Danganronpa Another Episode: Ultra Despair Girls doesn't really stand out as being particularly impressive, especially for those who aren't fans of the Danganronpa series, but it's a very competent even if average game. Those just looking for a good shooter may not find what they want here, but even if it ranks third out of three in this department, the story is worth playing through. It doesn't quite live up to the high standards set by Trigger Happy Havoc, but it's a good game in its own right. Just don't expect Game of the Year material.
My Rating - 3 Neps
Metroid is a Nintendo franchise that I got into fairly late in the game - not until Metroid Prime Trilogy on Wii. I've picked up *most* of the series since then, but one that I still don't have is Metroid II: Return of Samus for Game Boy (although I do have it downloaded on my 3DS). When I saw the announcement this summer of a full remake of the game for 3DS, then, I was ecstatic. Not only do we get another modern 2D Metroid game, but it's a remake of the second chapter in Samus's story, one that I'd not gotten yet.
The basic premise of the game is that, after destroying the Space Pirate's Metroids and putting an end to Mother Brain, she is contracted once again by the Galactic Federation, this time to exterminate the Metroids on their home planet of SR388 to remove the threat that they could ever be used and weaponized again. So basically she's paid to commit a complete and total genocide. Aside from the plot and basic 2D action-platforming genre, however, Samus Returns is pretty much a completely different game from Return of Samus. The levels are completely different, there are power-ups and enemies that didn't appear in the original game, and the game is about twice as long. Both games do come on cartridges, however, but Samus Returns is actually in color, so that's a nice plus.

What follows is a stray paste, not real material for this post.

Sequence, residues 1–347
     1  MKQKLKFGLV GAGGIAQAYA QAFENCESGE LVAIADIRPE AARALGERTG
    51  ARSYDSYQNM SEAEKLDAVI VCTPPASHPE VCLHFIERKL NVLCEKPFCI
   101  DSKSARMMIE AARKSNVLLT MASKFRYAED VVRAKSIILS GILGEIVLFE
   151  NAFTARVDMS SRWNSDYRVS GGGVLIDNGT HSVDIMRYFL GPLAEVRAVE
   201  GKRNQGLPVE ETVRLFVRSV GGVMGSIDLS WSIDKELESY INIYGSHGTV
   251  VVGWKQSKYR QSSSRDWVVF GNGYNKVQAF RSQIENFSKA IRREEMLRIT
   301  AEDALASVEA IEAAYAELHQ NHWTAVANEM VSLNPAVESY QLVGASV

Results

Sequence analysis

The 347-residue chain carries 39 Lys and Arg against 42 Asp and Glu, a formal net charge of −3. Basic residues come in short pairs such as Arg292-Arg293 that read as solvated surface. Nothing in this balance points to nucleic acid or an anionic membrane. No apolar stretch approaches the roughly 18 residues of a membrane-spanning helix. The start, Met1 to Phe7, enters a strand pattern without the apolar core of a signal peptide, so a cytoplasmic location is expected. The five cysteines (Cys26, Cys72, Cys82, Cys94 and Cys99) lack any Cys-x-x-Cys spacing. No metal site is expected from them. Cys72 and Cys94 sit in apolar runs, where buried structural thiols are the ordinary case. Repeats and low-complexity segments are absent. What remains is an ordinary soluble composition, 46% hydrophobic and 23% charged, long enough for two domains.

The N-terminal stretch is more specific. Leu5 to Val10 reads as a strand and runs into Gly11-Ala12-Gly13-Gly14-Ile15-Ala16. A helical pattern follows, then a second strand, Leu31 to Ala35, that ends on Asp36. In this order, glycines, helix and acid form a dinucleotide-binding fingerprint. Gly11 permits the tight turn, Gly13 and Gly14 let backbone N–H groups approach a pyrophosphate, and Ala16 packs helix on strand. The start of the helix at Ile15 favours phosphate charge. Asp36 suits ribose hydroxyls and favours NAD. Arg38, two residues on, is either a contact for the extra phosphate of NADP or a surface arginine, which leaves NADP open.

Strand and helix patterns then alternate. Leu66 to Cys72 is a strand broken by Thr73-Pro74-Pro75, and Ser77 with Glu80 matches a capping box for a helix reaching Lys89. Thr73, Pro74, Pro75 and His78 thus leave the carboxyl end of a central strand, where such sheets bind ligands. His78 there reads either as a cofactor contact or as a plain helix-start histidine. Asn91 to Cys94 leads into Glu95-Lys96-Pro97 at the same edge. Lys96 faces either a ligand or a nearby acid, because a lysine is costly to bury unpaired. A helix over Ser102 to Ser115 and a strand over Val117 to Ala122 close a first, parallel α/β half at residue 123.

A lot of folks were disappointed (to put it lightly) when Metroid: Other M came out on Wii years ago, and without getting into that particular debate, I think all of those who felt burned by Other M will be extremely pleased with Samus Returns. This is the 2D Metroid game that longtime fans have been wanting and dreaming of. With one exception, the game plays like a dream with a near flawless framerate and silky smooth movement. My only complaint with the control is the grappling beam. Nine times out of ten, it works just fine and does exactly what it's supposed to, but there is one particular room in which the only way out - either back the way you came or forward - involves using the grapple beam to swing and grab on to a nearby ledge. This particular jump (it's the same on both sides) requires PERFECTION in your jump, and even when I was doing the exact same thing every time (as far as I could tell; clearly I wasn't actually), it was a total crap shoot whether or not Samus would actually grab the ledge. I probably had a 5% success rate on that jump, failing so much that I actually closed my 3DS and googled how to use the grapple beam just in case I was doing something wrong. That one instance aside, I never had a single complaint with the controls; every other screw up with clearly and obviously user error on my part, and with some practice, I managed to correct all of those.